Powell’s era of brilliance is almost over, but the Blitzboks are far from finished
The Blitzboks’ clinical 31-7 destruction of Fiji in the gold-medal match at the Commonwealth Games was not just about winning, but was also a statement of intent.
South Africa (they’re not officially called the Blitzboks at the Commonwealth Games), swamped the favoured Fijians in the Commonwealth Games final to win gold and repeat the feat they achieved in Glasgow in 2014.
Three first-half tries, shuddering defence and clinically brutal breakdown work stunned the islanders.
Two more tries followed after the break, while Fiji scored a lone consolation try. Those are the broad brushstrokes of the match.
But the bigger picture was more revealing, because this was the Blitzboks back to their best. And while the Commonwealth Games gold medal is a massive achievement in isolation, in the context of a loaded 2022 programme, it forms the first of a three-part assault on sevens supremacy.
Sevens tournaments are always a journey in ups and downs. During six games spread over two or three days, there will be troughs and peaks for all sides. The key is to limit the depth and duration of the troughs and expand the peaks.
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Neil Powell’s team clinically dispatched their group-phase opponents (Malaysia 46-0, Tonga 36-5 and Scotland 34-0). In the quarters, they thumped Canada 33-0 – and then came one of those games with a small trough.
Australia loomed. The team that has chased South Africa relentlessly throughout the current 2021/22 World Series were always going to be tricky opponents. The Aussies won the previous meeting between the sides before Birmingham by 21-17 – in the London leg of the World Series.
Australia are also second on the World Series standings and the only team that can stop South Africa winning the title. The Blitzboks have 124 log points to Australia’s 122.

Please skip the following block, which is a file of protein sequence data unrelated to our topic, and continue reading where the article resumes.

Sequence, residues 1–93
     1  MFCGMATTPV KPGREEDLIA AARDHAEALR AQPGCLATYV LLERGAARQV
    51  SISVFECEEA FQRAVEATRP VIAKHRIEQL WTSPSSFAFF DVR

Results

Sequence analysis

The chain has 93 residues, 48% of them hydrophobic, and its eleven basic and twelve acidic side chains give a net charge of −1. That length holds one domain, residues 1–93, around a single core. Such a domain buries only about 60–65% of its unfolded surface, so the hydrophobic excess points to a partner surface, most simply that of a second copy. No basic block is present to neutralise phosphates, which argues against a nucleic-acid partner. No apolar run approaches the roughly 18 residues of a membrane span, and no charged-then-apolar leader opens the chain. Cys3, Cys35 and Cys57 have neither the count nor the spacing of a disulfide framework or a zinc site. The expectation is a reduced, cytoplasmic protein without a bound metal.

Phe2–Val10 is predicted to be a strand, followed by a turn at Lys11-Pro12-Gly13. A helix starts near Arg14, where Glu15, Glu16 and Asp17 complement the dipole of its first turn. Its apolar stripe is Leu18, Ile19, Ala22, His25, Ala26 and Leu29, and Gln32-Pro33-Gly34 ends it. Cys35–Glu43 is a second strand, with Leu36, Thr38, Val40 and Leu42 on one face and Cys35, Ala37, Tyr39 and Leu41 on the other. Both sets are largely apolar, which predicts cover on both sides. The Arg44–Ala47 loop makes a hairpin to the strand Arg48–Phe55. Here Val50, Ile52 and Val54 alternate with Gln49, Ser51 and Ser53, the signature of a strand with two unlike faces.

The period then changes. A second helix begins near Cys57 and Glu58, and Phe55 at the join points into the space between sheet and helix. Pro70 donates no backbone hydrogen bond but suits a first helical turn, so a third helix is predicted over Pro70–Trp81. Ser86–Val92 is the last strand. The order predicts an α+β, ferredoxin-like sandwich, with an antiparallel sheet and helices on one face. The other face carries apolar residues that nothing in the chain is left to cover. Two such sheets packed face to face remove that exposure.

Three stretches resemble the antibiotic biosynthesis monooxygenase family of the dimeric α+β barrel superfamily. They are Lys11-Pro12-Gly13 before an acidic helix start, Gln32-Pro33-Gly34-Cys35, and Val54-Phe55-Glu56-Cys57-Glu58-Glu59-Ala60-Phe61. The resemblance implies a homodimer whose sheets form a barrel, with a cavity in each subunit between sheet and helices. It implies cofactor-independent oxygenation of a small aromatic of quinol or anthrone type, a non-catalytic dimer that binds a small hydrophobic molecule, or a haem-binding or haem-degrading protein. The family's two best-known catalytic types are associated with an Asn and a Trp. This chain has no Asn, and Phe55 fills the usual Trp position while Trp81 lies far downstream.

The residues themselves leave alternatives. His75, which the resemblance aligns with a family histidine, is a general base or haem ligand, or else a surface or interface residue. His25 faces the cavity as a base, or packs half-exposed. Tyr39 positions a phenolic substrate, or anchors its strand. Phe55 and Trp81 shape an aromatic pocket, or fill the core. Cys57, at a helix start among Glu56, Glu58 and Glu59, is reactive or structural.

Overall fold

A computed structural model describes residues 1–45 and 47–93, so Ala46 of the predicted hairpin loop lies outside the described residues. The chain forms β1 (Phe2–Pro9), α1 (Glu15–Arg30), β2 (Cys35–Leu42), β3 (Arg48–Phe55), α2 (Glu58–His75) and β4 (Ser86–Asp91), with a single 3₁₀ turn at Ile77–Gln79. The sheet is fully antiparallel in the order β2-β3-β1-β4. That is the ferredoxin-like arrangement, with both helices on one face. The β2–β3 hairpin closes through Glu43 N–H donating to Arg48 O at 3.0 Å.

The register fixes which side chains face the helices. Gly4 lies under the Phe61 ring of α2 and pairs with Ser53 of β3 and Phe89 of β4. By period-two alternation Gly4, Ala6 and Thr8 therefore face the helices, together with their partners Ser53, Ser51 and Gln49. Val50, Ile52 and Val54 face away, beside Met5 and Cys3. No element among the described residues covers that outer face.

But that tournament – and the one remaining battle in Los Angeles later this month – was put aside, with a place in the Commonwealth Games gold medal match on the line.
Australia scored first in the semi-final and added another try before halftime. Australia broke too many soft tackles and only the Blitzboks’ imagination and ruthlessness saw them go into the break level at 12-12.
It was a game that could have taken a bad turn, but the return of players such as Angelo Davids, who has missed the 2021/22 World Sevens Series to play fifteens, made a difference. Davids scored his third hattrick of the tournament against Australia as South Africa slammed the door on the Aussies with a 24-12 win to set up a final with Fiji.
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The islanders had never won the Commonwealth Games gold despite two Olympic sevens titles, and entered the showpiece match as favourites after taking down New Zealand in extra time in an epic thriller.
However, on the biggest stage, under the most pressure, Powell’s team produced their best performance of the tournament – and probably of the year too.
Defensively they knocked the Fijians backwards in contact, destroyed the islanders at the breakdown and outmanoeuvred them on attack. It was an exhibition in modern sevens tactical brilliance.
“I’m probably more relieved than anything else and really proud of the boys… they put in a massive effort – not only in the final against Fiji, but all six games over the weekend,” said Powell.
“It’s amazing to have won the gold medal again, like we did eight years ago in Glasgow, and especially after we finished fourth and didn’t win a medal at the previous Commonwealth Games in Australia… so there are a lot of emotions – the victory brought back memories of what happened in Glasgow in 2014.”